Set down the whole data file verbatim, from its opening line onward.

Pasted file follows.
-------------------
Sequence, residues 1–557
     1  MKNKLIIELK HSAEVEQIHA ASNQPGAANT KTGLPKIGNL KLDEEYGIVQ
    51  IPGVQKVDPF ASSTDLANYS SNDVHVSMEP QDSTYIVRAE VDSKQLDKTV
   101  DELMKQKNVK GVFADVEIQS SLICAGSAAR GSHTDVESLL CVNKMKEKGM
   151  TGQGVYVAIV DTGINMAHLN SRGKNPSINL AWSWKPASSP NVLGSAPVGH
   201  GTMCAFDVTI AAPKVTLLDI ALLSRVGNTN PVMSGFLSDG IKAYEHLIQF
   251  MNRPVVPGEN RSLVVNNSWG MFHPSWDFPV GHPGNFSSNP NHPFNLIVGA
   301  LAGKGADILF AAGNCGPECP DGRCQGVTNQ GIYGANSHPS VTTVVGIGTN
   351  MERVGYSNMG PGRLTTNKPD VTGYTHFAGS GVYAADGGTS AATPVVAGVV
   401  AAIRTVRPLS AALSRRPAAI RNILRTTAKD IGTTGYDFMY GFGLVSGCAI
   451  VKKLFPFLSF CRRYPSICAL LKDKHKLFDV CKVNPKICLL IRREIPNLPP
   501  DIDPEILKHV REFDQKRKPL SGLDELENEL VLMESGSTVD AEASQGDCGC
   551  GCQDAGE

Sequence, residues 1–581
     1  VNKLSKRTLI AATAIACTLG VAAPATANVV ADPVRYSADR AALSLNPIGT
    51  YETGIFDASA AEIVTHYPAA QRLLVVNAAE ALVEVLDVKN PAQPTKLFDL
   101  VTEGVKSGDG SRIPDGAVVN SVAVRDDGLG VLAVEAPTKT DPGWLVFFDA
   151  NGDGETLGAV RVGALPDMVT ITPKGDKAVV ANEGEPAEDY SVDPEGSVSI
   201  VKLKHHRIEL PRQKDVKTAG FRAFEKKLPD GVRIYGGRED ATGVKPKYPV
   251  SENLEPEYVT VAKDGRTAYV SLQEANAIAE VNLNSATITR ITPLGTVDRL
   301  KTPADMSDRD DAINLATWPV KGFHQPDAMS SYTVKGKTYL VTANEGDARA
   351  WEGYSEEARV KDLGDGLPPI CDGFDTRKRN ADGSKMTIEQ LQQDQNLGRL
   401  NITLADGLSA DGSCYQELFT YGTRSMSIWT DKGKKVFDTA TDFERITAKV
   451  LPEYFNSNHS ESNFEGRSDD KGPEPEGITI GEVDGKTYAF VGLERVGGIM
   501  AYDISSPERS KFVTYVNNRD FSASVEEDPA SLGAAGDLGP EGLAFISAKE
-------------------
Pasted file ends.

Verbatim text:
Sequence, residues 1–557
     1  MKNKLIIELK HSAEVEQIHA ASNQPGAANT KTGLPKIGNL KLDEEYGIVQ
    51  IPGVQKVDPF ASSTDLANYS SNDVHVSMEP QDSTYIVRAE VDSKQLDKTV
   101  DELMKQKNVK GVFADVEIQS SLICAGSAAR GSHTDVESLL CVNKMKEKGM
   151  TGQGVYVAIV DTGINMAHLN SRGKNPSINL AWSWKPASSP NVLGSAPVGH
   201  GTMCAFDVTI AAPKVTLLDI ALLSRVGNTN PVMSGFLSDG IKAYEHLIQF
   251  MNRPVVPGEN RSLVVNNSWG MFHPSWDFPV GHPGNFSSNP NHPFNLIVGA
   301  LAGKGADILF AAGNCGPECP DGRCQGVTNQ GIYGANSHPS VTTVVGIGTN
   351  MERVGYSNMG PGRLTTNKPD VTGYTHFAGS GVYAADGGTS AATPVVAGVV
   401  AAIRTVRPLS AALSRRPAAI RNILRTTAKD IGTTGYDFMY GFGLVSGCAI
   451  VKKLFPFLSF CRRYPSICAL LKDKHKLFDV CKVNPKICLL IRREIPNLPP
   501  DIDPEILKHV REFDQKRKPL SGLDELENEL VLMESGSTVD AEASQGDCGC
   551  GCQDAGE

Sequence, residues 1–581
     1  VNKLSKRTLI AATAIACTLG VAAPATANVV ADPVRYSADR AALSLNPIGT
    51  YETGIFDASA AEIVTHYPAA QRLLVVNAAE ALVEVLDVKN PAQPTKLFDL
   101  VTEGVKSGDG SRIPDGAVVN SVAVRDDGLG VLAVEAPTKT DPGWLVFFDA
   151  NGDGETLGAV RVGALPDMVT ITPKGDKAVV ANEGEPAEDY SVDPEGSVSI
   201  VKLKHHRIEL PRQKDVKTAG FRAFEKKLPD GVRIYGGRED ATGVKPKYPV
   251  SENLEPEYVT VAKDGRTAYV SLQEANAIAE VNLNSATITR ITPLGTVDRL
   301  KTPADMSDRD DAINLATWPV KGFHQPDAMS SYTVKGKTYL VTANEGDARA
   351  WEGYSEEARV KDLGDGLPPI CDGFDTRKRN ADGSKMTIEQ LQQDQNLGRL
   401  NITLADGLSA DGSCYQELFT YGTRSMSIWT DKGKKVFDTA TDFERITAKV
   451  LPEYFNSNHS ESNFEGRSDD KGPEPEGITI GEVDGKTYAF VGLERVGGIM
   501  AYDISSPERS KFVTYVNNRD FSASVEEDPA SLGAAGDLGP EGLAFISAKE